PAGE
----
The question of caste
Is Kashmiri caste system a form of racism?
PREJUDICE BY DR JAVED LATOO
Racism or caste system is a crime in anyone’s language. Most of us have a perception that racism or caste system is a phenomenon exclusive to western countries or other parts of India and cannot exist in places like Kashmir where majority are followers of a monotheistic faith. Discussing the topic of caste system (Kashmiri equivalent of racism?) is uncomfortable for many and may even raise eyebrows in some sections of the society, particularly those who are indulging in this discriminatory behaviour themselves.
People talk unlimited to hammer the point that caste system or racism does not exist among Muslims as it is against the tenets of Islam which emphasizes justice and equality to all irrespective of caste, colour and creed. Selection of slave Bilal by Prophet Muhammad (PBUH) to become the Muezzin of Medina due to his devotion and beauty of voice is an important example of how Islam promotes justice and equality. Unfortunately culture and traditions have overpowered faith and humanity in our society, making us embodiment of all unholiness.
Discriminations based on ancestry, caste, surnames and even geographical origin in Kashmir come in different guises, and have negative consequences on individuals, families and society at large. It has a detrimental effect on our educated youth who are struggling to find right matrimonial matches due to these prejudices. We have to learn to overcome our internal and external demons which are holding us back to reach the full potential of dignified human beings. My major concerns regarding caste system in our society are: are the practices of caste system in Kashmir identical to the phenomenon of racism? Do these phenomena (caste system and racism) have similar features of segregation and discrimination? Why is our learning from the outside world developments so abysmal?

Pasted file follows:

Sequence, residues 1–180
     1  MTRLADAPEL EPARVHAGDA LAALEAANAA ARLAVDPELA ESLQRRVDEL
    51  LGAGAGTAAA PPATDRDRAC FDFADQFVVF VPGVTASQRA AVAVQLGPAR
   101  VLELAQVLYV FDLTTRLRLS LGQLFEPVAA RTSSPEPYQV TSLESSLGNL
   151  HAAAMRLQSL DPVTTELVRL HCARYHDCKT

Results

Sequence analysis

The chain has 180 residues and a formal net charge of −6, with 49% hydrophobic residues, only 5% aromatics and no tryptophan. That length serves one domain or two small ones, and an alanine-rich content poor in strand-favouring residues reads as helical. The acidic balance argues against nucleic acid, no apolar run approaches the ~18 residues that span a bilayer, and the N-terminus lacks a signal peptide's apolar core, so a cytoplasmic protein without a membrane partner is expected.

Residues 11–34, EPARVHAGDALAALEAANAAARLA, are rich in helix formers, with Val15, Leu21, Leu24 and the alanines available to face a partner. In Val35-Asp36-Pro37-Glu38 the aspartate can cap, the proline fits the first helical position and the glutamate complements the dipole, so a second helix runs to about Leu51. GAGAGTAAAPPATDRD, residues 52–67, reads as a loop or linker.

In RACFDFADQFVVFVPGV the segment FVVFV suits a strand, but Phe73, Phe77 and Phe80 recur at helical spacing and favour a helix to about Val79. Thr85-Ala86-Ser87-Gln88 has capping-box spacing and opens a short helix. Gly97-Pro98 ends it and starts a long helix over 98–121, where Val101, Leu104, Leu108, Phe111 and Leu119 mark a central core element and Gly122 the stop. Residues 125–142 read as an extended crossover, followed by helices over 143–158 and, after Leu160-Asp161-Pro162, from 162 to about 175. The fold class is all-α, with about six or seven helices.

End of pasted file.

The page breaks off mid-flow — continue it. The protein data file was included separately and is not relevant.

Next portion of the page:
Racism is a belief that some races or ethnic groups are superior to others, and justify actions that create inequality between racial groups. Just like racism in some parts of west, caste system in Kashmiris is used to stratify society into various groups, depending on certain factors including their ancestry, surnames, jobs or geographical locations, which gives rise to discrimination. Experts consider caste system at par with racism on the basis of segregation and discrimination caused by them. Racism or caste system is a social process associated with “overt and covert forceful establishment and maintenance of power by one social group over another”
Caste system may have origins in experiences derived from, what is known in analytical psychology as, “the personal and collective unconscious.” The personal unconscious arises from the lifetime experiences of the individual. This is distinct from the “collective unconscious”, which is described to represent a form of the unconscious common to mankind as a whole and originating in the inherited structure of the brain. This contains inherited primitive cultural, traditional and racial elements. Both the personal and collective unconscious, made from our individual and ancestral experiences respectively, may account for the manifestation of caste system in our society today. Discrimination against members of a social group may persist because of its deep entrenchment within our society by the personal and collective unconscious that has become the automatic response even when no conscious intent is present.